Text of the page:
Lecture Series - Revolutionizing Life Sciences: Tools, Innovations and Insights Home
Demography and Infectious Disease: Integrating Multiple Levels of Biological and Social Organization
Date

Friday, February 23, 2007

Time

8:30am - 5:30pm

Location

Schwab Center, East Vidalakis Room
Stanford University
Stanford, California

Watch The Video

Speakers

Assistant Professor of Demography, Department of Population and International Health
Harvard School of Public Health

The Demography of Malaria: Contrasting Patterns in Africa and the Amazon

Assistant Professor, Department of Sociology
University of Washington

Investigating the Effects of Male Circumcision on HIV Epidemics: A Microsimulation Study

Assistant Professor, Department of Anthropology
University of Washington

Biological and Demographic Causes of High HIV Prevalence Among Gay Men

Research Assistant, Division of Epidemiology, Public Health and Primary Care, Faculty of Medicine
Imperial College, London

Sexual Risk Behaviour Over the Life-Course: Observations From a Community-Based Cohort in Eastern Zimbabwe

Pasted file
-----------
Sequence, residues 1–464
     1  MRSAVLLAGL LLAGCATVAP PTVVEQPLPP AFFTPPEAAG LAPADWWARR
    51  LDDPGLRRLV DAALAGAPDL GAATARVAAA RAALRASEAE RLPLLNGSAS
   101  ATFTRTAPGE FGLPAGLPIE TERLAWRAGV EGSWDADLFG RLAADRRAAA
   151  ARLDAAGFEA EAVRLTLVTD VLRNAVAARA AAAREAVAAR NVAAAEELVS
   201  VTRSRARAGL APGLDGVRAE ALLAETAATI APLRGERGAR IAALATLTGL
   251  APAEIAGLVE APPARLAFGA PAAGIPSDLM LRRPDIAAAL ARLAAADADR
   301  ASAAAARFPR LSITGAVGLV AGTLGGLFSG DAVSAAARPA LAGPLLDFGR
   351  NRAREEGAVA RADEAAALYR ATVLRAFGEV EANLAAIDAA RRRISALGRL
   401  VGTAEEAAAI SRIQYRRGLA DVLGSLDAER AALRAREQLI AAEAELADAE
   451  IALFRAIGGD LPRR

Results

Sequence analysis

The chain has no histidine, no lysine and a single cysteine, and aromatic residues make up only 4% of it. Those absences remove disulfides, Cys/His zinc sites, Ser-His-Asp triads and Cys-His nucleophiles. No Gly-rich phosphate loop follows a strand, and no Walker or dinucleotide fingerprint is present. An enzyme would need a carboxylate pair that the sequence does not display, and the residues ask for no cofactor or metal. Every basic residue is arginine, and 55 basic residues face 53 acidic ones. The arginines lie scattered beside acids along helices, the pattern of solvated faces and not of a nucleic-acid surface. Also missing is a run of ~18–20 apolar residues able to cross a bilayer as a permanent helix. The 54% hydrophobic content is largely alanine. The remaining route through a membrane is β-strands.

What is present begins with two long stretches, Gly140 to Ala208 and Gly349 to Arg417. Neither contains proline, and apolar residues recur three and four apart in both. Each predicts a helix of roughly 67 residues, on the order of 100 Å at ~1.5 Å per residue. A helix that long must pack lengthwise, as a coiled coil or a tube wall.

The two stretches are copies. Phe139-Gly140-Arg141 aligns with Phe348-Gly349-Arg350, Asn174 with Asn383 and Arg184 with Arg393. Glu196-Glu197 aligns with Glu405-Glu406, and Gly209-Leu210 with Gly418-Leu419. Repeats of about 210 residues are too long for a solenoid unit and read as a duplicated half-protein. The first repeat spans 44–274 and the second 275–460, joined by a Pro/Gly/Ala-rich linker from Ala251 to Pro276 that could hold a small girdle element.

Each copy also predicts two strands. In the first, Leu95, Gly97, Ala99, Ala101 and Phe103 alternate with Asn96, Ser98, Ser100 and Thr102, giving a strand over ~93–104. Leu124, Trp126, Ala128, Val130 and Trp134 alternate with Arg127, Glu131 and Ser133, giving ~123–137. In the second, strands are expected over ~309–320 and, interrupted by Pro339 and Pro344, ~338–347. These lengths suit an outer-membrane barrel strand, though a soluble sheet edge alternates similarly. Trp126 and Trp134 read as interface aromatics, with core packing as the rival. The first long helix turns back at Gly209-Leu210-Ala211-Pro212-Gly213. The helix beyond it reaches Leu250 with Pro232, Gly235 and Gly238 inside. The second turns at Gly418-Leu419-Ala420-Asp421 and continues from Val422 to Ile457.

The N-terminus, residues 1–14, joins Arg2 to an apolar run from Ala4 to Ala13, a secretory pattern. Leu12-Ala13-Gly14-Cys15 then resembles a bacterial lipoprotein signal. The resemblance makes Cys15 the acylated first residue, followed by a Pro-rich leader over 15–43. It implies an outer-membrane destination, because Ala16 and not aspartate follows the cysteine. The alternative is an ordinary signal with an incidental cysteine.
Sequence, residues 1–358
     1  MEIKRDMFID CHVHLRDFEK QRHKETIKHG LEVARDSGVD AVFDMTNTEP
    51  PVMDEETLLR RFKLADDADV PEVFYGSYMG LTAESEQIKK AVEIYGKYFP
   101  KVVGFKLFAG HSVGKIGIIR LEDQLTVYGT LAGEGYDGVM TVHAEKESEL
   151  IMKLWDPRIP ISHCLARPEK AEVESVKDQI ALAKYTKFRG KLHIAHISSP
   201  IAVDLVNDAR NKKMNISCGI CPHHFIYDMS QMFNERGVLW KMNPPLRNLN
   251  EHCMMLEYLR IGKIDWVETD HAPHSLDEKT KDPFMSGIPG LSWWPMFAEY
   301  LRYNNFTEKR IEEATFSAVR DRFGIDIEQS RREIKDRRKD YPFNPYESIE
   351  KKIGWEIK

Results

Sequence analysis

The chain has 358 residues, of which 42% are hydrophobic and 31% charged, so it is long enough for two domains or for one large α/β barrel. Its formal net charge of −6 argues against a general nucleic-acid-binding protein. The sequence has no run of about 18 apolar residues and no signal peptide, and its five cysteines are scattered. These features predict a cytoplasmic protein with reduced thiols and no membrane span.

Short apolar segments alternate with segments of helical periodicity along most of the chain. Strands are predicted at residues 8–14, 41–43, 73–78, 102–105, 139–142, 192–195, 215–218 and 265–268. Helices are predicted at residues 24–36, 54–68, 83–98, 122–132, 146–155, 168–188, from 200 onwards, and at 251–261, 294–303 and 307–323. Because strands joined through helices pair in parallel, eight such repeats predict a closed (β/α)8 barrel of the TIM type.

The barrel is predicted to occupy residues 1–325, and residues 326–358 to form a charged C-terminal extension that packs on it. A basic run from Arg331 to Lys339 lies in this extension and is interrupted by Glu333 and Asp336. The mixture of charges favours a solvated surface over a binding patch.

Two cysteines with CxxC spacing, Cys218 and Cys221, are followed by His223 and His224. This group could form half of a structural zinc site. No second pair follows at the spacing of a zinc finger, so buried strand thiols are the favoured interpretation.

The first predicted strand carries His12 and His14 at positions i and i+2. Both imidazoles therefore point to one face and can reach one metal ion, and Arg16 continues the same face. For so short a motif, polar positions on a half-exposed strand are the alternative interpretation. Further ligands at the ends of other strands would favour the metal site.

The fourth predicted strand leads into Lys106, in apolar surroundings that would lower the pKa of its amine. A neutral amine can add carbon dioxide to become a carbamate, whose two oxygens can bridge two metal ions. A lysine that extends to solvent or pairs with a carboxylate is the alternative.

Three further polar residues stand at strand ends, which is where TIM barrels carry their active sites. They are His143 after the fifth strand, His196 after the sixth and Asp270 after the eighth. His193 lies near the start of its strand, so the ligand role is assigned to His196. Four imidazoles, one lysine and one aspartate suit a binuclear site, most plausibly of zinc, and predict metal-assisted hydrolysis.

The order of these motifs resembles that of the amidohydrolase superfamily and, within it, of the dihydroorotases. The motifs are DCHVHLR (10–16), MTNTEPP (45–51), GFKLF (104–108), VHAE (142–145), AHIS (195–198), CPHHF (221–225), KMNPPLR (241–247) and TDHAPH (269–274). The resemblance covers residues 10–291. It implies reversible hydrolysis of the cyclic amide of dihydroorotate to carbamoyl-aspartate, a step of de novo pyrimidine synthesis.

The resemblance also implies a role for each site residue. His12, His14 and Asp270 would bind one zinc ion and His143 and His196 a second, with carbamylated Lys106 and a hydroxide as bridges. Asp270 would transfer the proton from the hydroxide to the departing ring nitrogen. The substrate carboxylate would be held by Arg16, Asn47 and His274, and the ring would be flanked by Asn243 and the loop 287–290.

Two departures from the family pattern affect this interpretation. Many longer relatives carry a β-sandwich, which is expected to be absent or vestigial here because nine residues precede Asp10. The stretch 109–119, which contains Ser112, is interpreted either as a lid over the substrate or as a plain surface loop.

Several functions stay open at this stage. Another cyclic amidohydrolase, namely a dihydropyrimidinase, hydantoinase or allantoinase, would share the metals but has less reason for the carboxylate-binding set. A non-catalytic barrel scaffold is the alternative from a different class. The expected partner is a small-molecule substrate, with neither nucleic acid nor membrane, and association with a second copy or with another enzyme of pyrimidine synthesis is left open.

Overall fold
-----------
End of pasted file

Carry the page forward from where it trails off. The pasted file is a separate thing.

Assistant Professor, Department of Anthropological Sciences
Stanford University

Diabetes and Tuberculosis: The Demography of Interacting Epidemics

Associate Professor, Department of Sociology and Center for Demography and Ecology
University of Wisconsin, Madison

Demographic Shifts and the Spread of HIV/AIDS in China

Assistant Professor, Department of Sociology
University of California, Irvine

Down Under, Up Over: Comparative Trends of Infectious Disease in Australia and the United States in the Twentieth Century

Panelists

President Emeritus of Stanford University
Bing Professor of Environmental Science and Policy, Emeritus
Assistant Professor
Stanford Medical School
Faculty Research Fellow
National Bureau of Economic Research
President
Gordon and Betty Moore Foundation
Morrison Professor of Population Studies
Professor of Biological Sciences
Department of Biological Sciences
Stanford University
     
Co-Sponsored by the Institute for Research in the Social Sciences at Stanford University and The Applera Charitable Foundation in Celebration of the Applied Biosystems 25th Anniversary